If YES2 is successful it will be the first proof that 'space mail' can be sent to Earth using a relatively simple and cheap mechanism. In theory the re-entry capsule could weigh as much as tens of kilograms, says De Pascale. Enough to send experiments from the International Space Station down to scientists on Earth…


Story Source:

The above story is based on materials provided by European Space Agency. Note: Materials may be edited for content and length.


Cite This Page:

European Space Agency. "Students Test 'Space Postal Service' During Foton Mission." ScienceDaily. ScienceDaily, 14 May 2007. <www.sciencedaily.com/releases/2007/05/070510093242.htm>.
European Space Agency. (2007, May 14). Students Test 'Space Postal Service' During Foton Mission. ScienceDaily. Retrieved October 1, 2014 from www.sciencedaily.com/releases/2007/05/070510093242.htm
European Space Agency. "Students Test 'Space Postal Service' During Foton Mission." ScienceDaily. www.sciencedaily.com/releases/2007/05/070510093242.htm (accessed October 1, 2014).

Share This



More Space & Time News

Wednesday, October 1, 2014

Featured Research

from universities, journals, and other organizations


Featured Videos

from AP, Reuters, AFP, and other news services

French Apple Fans Discover the Apple Watch

French Apple Fans Discover the Apple Watch

AFP (Sep. 30, 2014) — Apple fans in France discover the latest toy, the Apple Watch. The watch comes in two sizes and an array of interchangeable, fashionable wrist straps. Duration: 00:42 Video provided by AFP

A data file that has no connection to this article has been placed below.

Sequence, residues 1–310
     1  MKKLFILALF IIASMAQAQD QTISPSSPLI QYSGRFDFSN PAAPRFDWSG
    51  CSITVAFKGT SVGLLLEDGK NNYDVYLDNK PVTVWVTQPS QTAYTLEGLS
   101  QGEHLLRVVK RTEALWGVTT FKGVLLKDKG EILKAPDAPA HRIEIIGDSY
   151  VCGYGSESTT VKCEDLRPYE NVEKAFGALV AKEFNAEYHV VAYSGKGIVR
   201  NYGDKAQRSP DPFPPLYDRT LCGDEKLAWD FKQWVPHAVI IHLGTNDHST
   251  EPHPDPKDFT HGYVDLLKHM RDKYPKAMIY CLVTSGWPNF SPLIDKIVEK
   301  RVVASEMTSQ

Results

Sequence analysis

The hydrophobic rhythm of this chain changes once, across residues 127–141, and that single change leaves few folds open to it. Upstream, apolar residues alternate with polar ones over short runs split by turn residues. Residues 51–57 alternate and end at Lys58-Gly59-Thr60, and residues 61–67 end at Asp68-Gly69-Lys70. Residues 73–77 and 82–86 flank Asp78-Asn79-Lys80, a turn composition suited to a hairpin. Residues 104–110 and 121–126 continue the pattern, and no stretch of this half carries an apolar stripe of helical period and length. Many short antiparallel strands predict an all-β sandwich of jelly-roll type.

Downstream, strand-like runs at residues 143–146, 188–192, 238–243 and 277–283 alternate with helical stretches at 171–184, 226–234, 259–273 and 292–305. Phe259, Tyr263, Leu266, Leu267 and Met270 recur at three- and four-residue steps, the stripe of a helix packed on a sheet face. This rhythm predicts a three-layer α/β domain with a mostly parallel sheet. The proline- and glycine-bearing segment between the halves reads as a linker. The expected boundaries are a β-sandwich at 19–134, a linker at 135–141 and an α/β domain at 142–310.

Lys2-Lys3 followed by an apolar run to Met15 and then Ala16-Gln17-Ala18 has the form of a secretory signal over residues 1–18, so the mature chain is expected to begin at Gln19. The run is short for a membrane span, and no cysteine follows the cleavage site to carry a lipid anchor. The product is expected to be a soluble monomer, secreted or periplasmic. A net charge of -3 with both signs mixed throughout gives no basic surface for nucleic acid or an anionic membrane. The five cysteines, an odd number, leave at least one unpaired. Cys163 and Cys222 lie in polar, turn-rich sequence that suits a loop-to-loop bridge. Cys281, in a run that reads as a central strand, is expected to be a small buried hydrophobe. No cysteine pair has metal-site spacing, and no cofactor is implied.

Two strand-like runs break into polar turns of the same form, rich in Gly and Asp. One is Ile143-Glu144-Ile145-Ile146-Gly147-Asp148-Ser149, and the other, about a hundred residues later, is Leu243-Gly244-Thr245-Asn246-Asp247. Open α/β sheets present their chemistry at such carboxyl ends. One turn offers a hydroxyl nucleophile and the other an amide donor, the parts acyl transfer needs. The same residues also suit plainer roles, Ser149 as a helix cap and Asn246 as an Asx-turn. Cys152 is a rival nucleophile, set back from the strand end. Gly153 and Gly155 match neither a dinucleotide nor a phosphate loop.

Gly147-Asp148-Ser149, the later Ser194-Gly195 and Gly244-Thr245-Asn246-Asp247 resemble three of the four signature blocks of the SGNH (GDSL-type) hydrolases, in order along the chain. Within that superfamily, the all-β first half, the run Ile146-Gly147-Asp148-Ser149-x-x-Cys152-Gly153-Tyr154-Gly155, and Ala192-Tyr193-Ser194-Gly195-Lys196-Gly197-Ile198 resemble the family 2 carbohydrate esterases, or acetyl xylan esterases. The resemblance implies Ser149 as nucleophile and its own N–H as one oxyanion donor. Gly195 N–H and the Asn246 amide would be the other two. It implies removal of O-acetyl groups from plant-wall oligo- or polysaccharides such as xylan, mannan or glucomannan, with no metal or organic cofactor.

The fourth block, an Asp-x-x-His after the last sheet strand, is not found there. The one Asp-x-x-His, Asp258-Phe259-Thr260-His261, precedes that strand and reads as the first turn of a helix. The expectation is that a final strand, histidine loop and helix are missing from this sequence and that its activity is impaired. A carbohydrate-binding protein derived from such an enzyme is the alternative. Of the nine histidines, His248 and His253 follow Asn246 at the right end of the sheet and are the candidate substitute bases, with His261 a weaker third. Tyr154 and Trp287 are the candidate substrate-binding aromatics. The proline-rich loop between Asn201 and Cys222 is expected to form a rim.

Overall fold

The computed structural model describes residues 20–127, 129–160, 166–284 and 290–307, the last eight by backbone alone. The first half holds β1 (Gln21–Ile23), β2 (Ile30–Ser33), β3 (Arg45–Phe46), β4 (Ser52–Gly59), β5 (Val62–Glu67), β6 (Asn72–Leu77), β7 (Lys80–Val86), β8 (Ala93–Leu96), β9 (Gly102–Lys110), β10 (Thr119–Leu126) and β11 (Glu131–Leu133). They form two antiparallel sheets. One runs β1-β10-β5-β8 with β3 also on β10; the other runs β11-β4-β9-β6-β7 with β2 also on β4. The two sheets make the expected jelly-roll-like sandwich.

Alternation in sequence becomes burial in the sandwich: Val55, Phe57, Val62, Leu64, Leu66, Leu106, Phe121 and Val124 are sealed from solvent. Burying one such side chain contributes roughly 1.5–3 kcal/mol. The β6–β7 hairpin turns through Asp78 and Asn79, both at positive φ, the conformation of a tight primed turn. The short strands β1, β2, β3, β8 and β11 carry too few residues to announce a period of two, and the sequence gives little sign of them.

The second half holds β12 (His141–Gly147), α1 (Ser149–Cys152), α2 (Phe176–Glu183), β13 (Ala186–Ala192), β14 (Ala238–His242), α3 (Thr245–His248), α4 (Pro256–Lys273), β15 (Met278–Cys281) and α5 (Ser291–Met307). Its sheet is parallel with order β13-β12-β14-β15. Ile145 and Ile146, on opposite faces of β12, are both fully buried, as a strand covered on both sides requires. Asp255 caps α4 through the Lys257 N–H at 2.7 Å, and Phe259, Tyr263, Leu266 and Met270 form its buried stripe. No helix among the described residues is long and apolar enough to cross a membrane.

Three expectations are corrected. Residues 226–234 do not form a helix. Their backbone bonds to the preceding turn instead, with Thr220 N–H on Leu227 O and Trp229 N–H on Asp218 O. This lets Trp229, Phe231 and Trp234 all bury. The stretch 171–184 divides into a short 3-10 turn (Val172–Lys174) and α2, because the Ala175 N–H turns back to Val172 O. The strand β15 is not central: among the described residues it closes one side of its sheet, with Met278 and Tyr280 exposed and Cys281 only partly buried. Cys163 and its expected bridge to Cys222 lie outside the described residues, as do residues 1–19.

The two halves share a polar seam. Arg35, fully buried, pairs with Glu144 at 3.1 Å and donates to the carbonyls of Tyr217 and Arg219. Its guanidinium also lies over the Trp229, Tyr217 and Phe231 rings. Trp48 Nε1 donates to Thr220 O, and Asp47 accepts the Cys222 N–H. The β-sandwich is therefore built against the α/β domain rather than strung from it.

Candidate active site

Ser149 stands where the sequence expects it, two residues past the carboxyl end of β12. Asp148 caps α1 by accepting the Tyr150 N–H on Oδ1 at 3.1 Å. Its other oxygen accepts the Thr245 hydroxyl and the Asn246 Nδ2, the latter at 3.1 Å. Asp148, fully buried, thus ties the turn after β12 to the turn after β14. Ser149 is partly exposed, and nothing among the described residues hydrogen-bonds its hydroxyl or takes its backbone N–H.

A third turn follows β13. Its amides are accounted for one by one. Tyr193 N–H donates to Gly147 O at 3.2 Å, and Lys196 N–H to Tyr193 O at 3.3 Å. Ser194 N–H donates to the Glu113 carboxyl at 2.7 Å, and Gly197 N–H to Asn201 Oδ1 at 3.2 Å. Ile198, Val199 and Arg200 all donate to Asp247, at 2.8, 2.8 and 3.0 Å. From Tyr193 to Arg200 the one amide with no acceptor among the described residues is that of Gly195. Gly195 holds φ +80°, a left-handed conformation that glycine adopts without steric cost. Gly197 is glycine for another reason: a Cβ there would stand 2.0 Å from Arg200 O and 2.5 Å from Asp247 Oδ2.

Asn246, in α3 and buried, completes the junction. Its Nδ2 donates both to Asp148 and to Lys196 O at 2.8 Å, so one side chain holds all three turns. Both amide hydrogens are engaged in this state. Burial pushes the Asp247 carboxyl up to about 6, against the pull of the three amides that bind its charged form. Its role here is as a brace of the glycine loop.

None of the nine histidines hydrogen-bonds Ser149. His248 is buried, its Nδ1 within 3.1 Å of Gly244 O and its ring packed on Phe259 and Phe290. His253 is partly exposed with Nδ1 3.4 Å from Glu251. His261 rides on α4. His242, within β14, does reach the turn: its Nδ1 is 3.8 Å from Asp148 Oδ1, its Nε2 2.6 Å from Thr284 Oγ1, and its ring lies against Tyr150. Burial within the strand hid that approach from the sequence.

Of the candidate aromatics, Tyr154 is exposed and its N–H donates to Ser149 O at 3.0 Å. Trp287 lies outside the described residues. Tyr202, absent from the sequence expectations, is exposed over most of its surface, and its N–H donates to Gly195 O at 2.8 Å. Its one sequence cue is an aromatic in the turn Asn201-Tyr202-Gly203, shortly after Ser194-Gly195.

Powered by NewsLook.com
The Water You Drink Might Be Older Than The Sun

The Water You Drink Might Be Older Than The Sun

Newsy (Sep. 27, 2014) — Researchers at the University of Michigan simulated the birth of planets and our sun to determine whether water in the solar system predates the sun. Video provided by Newsy
Powered by NewsLook.com
First Woman Cosmonaut in 17 Years Blasts Off for ISS

First Woman Cosmonaut in 17 Years Blasts Off for ISS

AFP (Sep. 26, 2014) — A Russian Soyuz spacecraft carrying an American astronaut and two Russian cosmonauts, including the first woman cosmonaut in 17 years, blasted off on schedule Friday. Duration: 00:35 Video provided by AFP
Powered by NewsLook.com
Water Discovery On Small Planet Could Be Key To Earth 2.0

Water Discovery On Small Planet Could Be Key To Earth 2.0

Newsy (Sep. 25, 2014) — Scientists have discovered traces of water in the atmosphere of a distant, Neptune-sized planet. Video provided by Newsy
Powered by NewsLook.com

Search ScienceDaily

Number of stories in archives: 140,361

Find with keyword(s):
 
Enter a keyword or phrase to search ScienceDaily for related topics and research stories.

Save/Print:
Share:  

Breaking News:

Strange & Offbeat Stories

 

Space & Time

Matter & Energy

Computers & Math

In Other News

... from NewsDaily.com

Science News

Health News

Environment News

Technology News



Save/Print:
Share:  

Free Subscriptions


Get the latest science news with ScienceDaily's free email newsletters, updated daily and weekly. Or view hourly updated newsfeeds in your RSS reader:

Get Social & Mobile


Keep up to date with the latest news from ScienceDaily via social networks and mobile apps:

Have Feedback?


Tell us what you think of ScienceDaily -- we welcome both positive and negative comments. Have any problems using the site? Questions?
Mobile iPhone Android Web
Follow Facebook Twitter Google+
Subscribe RSS Feeds Email Newsletters
Latest Headlines Health & Medicine Mind & Brain Space & Time Matter & Energy Computers & Math Plants & Animals Earth & Climate Fossils & Ruins